Appeal – Written Decision dated 4 April 2023 – Alicia Harrison

ID: RIB18164

Alicia Harrison - Junior Driver

Racing Integrity Board

Appeal Committee Member(s):
Mr P Wicks KC (Chair), Mr S Wimsett

Persons Present:
Mr S Mulcay and Mr N McIntyre - Representing RIB, Ms A Harrison (assisted by Mr Jay Abernethy)

Information Number:

Decision Type:

Careless Driving

869(3)(b) - Riding/driving infringement

Animal Name:


Race Date:

Race Club:
Manawatu Harness Racing Club

Race Location:
Manawatu Raceway - Pioneer Highway, Palmerston North,

Race Number:

Hearing Date:

Hearing Location:
Cambridge Raceway

Outcome: Appeal Dismissed

Penalty: N/A


1.1. On 8 December 2022, Ms Alicia Harrison drove the colt, MITCH, in Race 6 at the Manawatu Harness Racing meeting.

1.2. Subsequent to the race, she was charged by Stewards with careless driving, being a breach of Rule 869(3)(b) of the Rules. The relevant wording of the charge was as follows:

…in that near the 250m, she allowed her drive to shift in when activating gear, which resulted in her drive (MITCH) racing over track markers causing it to break, losing its chance.

1.3. The charge was dismissed by the Adjudicative Committee. The Racing Integrity Board appealed that decision.

1.4. The Appeal Hearing was held at the Cambridge Raceway on 23 March 2023. Footage of the race was shown, and both the RIB Stewards and Ms Harrison set out their position by way of talking to the race replay and explaining their respective positions.

1.5. At the conclusion of the hearing, the Appeals Tribunal informed the parties that the Appeal was dismissed, and reasons would follow. These are the Appeals Tribunal’s reasons for that decision.


2.1. It was uncontested that MITCH was an extremely difficult drive. At the time of the race, he was a colt. Video footage made it clear that Ms Harrison worked extremely hard to keep the horse under control.

2.2. The horse started quickly from barrier four, made its way across other horses and led the race until the incident that is the subject of the charge. Earplugs being used on MITCH came out before the start causing the horse to over-race. As stated, Ms Harrison had a difficult drive. On multiple occasions, she moved up the reins to tighten her grip and restrain the horse.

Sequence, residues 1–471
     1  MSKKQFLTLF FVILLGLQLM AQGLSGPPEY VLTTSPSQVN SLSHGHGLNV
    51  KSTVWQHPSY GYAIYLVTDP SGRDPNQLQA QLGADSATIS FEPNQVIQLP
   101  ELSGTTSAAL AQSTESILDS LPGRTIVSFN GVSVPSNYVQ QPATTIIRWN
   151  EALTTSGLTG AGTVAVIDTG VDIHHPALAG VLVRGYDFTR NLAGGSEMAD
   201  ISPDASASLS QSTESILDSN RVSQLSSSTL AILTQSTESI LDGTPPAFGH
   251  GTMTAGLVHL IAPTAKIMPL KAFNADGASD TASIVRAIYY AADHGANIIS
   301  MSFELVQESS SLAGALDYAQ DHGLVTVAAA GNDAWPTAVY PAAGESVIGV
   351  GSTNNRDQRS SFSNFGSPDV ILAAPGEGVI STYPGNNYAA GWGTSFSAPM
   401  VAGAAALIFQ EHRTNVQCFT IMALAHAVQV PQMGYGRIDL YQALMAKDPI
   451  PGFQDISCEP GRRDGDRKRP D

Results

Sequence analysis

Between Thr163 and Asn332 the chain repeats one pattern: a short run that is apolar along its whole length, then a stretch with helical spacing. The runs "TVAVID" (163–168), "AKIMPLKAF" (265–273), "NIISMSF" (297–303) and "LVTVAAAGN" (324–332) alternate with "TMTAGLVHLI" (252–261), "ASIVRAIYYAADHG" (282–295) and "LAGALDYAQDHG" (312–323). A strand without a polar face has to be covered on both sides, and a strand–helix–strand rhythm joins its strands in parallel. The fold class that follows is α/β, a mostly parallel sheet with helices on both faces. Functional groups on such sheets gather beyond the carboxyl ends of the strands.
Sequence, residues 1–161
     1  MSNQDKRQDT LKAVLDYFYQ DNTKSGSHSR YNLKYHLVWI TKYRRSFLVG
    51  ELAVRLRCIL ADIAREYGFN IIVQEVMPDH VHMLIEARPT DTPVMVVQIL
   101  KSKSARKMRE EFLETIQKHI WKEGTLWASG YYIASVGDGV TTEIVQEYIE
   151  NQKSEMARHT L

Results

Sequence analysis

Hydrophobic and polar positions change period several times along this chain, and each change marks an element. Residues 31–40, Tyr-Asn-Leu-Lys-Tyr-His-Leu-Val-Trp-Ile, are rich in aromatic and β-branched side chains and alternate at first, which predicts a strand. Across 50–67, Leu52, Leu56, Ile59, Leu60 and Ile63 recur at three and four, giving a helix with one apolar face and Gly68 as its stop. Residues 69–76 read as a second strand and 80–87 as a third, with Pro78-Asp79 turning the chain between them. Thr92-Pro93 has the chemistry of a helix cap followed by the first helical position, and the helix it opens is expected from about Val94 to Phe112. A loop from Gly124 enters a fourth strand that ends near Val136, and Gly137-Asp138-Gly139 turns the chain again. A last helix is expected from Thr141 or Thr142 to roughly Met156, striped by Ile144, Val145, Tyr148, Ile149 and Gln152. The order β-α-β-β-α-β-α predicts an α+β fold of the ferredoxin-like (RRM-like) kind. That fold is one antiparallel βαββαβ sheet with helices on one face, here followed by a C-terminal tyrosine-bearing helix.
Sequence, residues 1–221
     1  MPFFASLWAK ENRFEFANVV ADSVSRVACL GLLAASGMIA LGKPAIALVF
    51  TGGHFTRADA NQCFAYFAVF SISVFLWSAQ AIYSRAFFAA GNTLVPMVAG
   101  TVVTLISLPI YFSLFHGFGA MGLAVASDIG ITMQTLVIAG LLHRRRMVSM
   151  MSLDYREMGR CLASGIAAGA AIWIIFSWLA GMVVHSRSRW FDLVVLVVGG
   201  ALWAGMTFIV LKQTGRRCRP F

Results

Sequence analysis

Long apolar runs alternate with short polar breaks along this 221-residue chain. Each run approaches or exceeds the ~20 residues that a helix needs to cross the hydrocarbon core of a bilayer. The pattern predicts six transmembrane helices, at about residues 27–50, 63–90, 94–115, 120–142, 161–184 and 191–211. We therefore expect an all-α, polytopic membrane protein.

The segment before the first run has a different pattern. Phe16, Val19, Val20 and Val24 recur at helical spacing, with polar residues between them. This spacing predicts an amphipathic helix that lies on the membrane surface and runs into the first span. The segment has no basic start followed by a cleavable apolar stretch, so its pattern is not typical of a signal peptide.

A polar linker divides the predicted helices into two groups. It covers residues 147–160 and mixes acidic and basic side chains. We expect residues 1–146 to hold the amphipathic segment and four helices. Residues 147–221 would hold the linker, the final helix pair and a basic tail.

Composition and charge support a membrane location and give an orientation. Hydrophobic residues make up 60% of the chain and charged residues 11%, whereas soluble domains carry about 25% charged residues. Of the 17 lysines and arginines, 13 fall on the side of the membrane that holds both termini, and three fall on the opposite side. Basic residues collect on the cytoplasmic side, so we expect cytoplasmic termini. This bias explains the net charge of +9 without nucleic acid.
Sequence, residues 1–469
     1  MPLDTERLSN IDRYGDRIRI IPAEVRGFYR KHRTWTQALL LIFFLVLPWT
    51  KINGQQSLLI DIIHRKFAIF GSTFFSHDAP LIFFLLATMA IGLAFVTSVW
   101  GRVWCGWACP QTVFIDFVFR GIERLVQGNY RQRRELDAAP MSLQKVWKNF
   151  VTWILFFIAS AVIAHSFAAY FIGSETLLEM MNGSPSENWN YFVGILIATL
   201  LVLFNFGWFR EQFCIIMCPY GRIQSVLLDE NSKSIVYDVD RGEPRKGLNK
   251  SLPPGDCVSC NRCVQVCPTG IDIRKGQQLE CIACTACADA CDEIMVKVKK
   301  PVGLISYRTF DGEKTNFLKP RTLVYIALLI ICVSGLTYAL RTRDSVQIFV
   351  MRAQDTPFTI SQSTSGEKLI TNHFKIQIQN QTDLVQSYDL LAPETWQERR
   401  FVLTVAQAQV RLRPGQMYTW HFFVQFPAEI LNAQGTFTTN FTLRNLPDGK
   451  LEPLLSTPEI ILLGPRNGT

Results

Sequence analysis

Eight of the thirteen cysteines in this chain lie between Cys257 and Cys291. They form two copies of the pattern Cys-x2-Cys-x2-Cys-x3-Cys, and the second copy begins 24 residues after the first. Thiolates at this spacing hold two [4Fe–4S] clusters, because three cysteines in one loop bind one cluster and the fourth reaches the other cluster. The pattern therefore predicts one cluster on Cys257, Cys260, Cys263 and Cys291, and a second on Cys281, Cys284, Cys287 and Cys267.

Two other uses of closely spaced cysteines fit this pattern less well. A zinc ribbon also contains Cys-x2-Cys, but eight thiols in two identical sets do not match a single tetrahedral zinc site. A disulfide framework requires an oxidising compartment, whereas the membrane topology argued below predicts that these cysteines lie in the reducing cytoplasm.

2.3. The incident occurred on the final bend. At about the 250-metre mark, Ms Harrison reached down with her right hand to activate the blinds. The horse reacted by shifting inwards and therefore racing over/inside the marker pegs. The horse then galloped after Ms Harrison reacted to straighten the horse, impeded the chances of other horses, and finished the race in ninth (second last).


3.1. At the conclusion of the race day hearing, the chair of the Adjudicative Committee, Mr McCutcheon, stated:

“I’m not going to delay matters. I think there is some doubt in this, some grave doubt. I’m not satisfied that you have driven carelessly. The charge is dismissed.”

3.2. The Written Decision issued by Mr McCutcheon states:

“The Adjudicative Committee found that passing the 300m, Ms Harrison had both reins in her left hand and activated the blinds with her right hand. Her drive “MITCH” drifted to be inside the marker peg line. The Applicant’s evidence was that Ms Harrison did not have sufficient control of her drive when it went in. Ms Harrison said that her horse was a difficult drive and that after activating the blinds, it ducked in and that she reacted straight away and could not do any more.

The Adjudicative Committee, after considering all of the evidence which included film replays, believed that Ms Harrison did react within a reasonable amount of time to straighten a difficult drive”.

3.3. The Adjudicative Committee was not satisfied that Ms Harrison had driven carelessly and therefore dismissed the charge.


4.1. The Appeal was brought by the RIB pursuant to Rules 1202 and 1203.